1. Digging to America, Anne Tyler (Ballantine, 8/07): Most of Tyler's novels are set in Baltimore, so I've picked this one as representative. Two families meet at the airport while picking up their new babies adopted from Korea. One family comes with their liberal contemporary American approach to childrearing; the other with a traditional Iranian background. Both bring a shared silent grief over not being able to have biological children. Over the years the families become ever closer, while unable to erase some deep emotional differences. A warm story about the different ways families are constructed.

2. The Beautiful Struggle, Ta-Nehisi Coates (Spiegel & Grau, 1/09): Moving story of a father trying to keep his sons from being swallowed by crack- and poverty-ridden Baltimore while staying true to his roots. Told by one of the sons in a voice that's true to the story's time and place, as well as its particular kind of English.

3. The Corner: A Year in the Life of An Inner-City Neighborhood, David Simon and Edward Burns (Broadway, 1998): When the beautiful struggle fails. The Corner is a depressing account of drugs taking over a poor black community. Simon wrote Homicide and created The Wire. Not a book to hearten a tentative newcomer.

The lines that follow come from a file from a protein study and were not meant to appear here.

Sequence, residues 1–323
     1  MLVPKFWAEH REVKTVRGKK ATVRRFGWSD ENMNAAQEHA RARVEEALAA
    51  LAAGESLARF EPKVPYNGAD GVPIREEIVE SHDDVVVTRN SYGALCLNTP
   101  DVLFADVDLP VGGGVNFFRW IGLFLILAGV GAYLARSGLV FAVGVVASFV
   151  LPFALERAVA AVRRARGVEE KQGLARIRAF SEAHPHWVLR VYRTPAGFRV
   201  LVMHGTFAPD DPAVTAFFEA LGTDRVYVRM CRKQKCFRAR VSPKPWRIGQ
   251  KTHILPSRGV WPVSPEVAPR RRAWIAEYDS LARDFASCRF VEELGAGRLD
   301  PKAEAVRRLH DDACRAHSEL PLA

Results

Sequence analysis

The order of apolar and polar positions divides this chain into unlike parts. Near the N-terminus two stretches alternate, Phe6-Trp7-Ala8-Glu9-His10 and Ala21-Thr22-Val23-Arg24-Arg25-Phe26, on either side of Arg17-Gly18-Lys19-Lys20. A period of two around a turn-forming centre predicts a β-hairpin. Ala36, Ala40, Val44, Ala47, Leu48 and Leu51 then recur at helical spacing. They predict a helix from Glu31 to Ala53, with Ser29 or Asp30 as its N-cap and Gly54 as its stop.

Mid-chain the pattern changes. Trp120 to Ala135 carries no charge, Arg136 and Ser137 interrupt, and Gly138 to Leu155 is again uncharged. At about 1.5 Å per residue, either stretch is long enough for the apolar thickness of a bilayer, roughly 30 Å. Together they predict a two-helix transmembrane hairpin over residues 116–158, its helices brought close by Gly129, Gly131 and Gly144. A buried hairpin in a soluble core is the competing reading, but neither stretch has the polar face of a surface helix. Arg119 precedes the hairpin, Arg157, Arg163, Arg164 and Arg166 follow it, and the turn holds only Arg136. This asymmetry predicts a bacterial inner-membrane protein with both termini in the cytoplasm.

4. Pumpernickel Tickle and Mean Green Cheese, Nancy Patz (1978, then re-released by the Baltimore Sun in 2000, but now OP): Wonderful, fun children's picture book featuring a boy and his elephant walking to the store through Baltimore's streets--a staple of my childhood. Laugh-out-loud language: "Bumpernickel!" "Belly stickel!" Unfortunately, the book is out of print. There's one new copy for sale on Amazon for $399.98, and two used at $39.81 and $225.00. If you're in the mood to get someone a very expensive gift, it's worth it.